Microsoft announced this week that part of its new threat-hunting service for organizations has reached the “general availability” (GA) commercial release stage.
The new Microsoft Threat Experts service has two elements: “targeted attack notifications” and “experts on demand.” The targeted attack notifications part reached the GA stage, while the experts-on-demand part is still at preview. GA signifies that Microsoft considers the service to be ready for use in production environments.
Targeted attack notifications are alerts that are sent by Microsoft about critical threats found in an organization’s network. The notifications deliver information about a critical threat’s “timeline, scope of breach and methods.”
Oddly, the ability of organizations to ask personnel with expertise about these critical threats — the experts-on-demand part of Microsoft’s service — is still at the limited preview stage. Here’s how this Microsoft document explained it:
The Microsoft Threat Experts’ experts-on-demand capability is still in preview. You can only use the experts-on-demand capability if you have applied for preview and your application has been approved.
Organizations wanting the Microsoft Threat Experts service apparently get it via a subscription to the Windows Defender Advanced Threat Protection (ATP) service. Windows Defender ATP is a “post-breach detection, automated investigation and response” service that went GA back in 2016 for Windows 10, although Microsoft recently extended it to support Windows 7 and Windows 8.1 clients.
Windows Defender ATP is available via the top-tier Microsoft 365 E5 subscription plan. Back in March, Microsoft changed the name of Windows Defender ATP to “Microsoft Defender ATP” because it added support for Mac clients (at the preview stage), alongside Windows clients. However, Microsoft’s documentation still generally uses the older Windows Defender ATP descriptor.
Even though Microsoft Threat Experts was declared as being at the GA stage (or half of it, at least), licensing details seem murky. Possibly, a Microsoft Premier technical support contract needs to be established — at least to use the experts-on-demand aspect of the service. That idea is suggested in this Microsoft document as follows:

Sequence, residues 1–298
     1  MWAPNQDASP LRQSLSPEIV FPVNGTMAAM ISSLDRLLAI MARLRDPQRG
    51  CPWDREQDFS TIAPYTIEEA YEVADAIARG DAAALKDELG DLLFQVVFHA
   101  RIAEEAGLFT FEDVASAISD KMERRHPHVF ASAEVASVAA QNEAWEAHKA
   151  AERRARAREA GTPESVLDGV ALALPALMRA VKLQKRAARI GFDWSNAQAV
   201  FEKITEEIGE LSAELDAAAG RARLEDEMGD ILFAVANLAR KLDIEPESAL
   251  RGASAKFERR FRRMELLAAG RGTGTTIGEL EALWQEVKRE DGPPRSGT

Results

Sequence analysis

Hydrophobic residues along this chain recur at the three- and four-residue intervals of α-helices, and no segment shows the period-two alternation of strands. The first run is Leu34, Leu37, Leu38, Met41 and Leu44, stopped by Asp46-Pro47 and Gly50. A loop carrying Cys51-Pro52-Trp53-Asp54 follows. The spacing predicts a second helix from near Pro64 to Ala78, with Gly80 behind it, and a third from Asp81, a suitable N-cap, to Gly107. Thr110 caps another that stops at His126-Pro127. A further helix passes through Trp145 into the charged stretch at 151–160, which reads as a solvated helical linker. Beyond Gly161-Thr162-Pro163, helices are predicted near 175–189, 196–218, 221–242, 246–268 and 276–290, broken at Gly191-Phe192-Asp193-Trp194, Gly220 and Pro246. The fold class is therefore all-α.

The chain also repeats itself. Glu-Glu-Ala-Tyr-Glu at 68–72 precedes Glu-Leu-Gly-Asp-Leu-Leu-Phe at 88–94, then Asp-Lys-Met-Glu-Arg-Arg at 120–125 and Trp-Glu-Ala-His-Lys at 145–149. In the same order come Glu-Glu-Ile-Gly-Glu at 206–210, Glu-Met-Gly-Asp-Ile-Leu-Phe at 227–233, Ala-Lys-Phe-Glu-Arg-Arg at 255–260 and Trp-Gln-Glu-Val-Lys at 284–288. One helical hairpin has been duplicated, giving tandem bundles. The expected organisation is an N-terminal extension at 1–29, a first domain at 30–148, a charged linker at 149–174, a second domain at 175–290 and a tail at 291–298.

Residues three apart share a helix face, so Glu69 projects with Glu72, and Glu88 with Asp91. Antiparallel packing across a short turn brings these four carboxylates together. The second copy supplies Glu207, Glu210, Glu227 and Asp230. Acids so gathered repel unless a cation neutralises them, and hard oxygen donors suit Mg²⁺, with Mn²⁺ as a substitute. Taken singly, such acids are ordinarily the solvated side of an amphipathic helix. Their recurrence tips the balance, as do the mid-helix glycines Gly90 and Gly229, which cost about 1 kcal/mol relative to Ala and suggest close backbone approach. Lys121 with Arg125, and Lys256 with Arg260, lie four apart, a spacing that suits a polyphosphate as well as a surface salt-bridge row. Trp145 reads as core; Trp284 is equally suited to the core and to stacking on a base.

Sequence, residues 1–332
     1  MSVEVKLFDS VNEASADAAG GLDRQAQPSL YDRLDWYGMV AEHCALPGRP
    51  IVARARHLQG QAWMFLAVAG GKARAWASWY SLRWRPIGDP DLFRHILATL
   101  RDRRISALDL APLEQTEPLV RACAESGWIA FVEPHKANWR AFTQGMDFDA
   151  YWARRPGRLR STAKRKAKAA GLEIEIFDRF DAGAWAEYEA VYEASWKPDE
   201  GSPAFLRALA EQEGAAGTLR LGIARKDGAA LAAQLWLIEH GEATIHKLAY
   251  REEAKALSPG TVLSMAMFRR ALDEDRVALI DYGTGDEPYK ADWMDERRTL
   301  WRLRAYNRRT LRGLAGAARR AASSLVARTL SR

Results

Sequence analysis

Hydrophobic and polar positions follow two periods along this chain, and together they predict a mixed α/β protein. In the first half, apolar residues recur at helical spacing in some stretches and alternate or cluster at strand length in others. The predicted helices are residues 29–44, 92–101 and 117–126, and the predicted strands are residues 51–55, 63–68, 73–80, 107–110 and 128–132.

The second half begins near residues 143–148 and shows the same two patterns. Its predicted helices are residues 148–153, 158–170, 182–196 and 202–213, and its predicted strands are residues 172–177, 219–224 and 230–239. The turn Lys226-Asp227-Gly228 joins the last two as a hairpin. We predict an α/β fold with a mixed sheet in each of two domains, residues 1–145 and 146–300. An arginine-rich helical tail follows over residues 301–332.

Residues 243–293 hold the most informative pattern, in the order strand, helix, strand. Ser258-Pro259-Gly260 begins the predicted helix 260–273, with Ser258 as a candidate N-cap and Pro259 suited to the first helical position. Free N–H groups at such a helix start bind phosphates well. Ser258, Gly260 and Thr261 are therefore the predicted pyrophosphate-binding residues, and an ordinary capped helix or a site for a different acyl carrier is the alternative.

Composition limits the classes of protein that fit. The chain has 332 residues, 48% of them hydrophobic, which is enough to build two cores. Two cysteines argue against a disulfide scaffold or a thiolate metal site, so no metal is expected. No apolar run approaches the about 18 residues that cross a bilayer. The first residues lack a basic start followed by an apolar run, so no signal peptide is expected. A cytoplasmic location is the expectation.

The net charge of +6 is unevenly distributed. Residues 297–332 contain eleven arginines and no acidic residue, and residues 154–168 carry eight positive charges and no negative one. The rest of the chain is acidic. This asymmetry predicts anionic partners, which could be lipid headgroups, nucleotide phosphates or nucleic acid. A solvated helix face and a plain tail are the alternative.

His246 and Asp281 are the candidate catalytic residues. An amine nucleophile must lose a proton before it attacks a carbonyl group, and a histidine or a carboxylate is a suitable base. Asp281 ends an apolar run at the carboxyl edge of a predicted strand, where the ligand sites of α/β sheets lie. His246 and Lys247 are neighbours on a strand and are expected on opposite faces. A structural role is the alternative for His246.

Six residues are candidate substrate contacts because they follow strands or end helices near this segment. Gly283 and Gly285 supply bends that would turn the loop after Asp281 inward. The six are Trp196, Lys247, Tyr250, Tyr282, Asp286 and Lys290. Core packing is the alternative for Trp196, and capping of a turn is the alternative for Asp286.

To experience the full Microsoft Threat Experts preview capability in Windows Defender ATP, you need to have a Premier customer service and support account. However, you will not be charged for the Experts-on-demand service during the preview.
The Microsoft Premier contract requirement wasn’t described. However, the experts-on-demand aspect of the service does allow organizations to connect with a Microsoft response team in certain cases, apparently at Microsoft’s discretion, according to the document:
Microsoft Threat Experts is a managed cybersecurity hunting service and not an incident response service. However, the experts can seamlessly transition the investigation to Microsoft Cybersecurity Solutions Group (CSG)’s Detection and Response Team (DART) services, when necessary. You can also opt to engage with your own incident response team to address issues that require an incident response.
Microsoft had originally unveiled Microsoft Threat Experts back in February prior to the 2019 RSA Conference. The service is aimed for use by the security operations centers of organizations, offering a combination of machine learning and artificial intelligence to deliver threat detection alerts, as well as access to security personnel for interpretation of the threat data.
“Experts provide the insights our customers need to get additional clarification on alerts,” explained Ann Johnson, corporate vice president for cybersecurity solutions at Microsoft, back then about the experts-on-demand element of the service.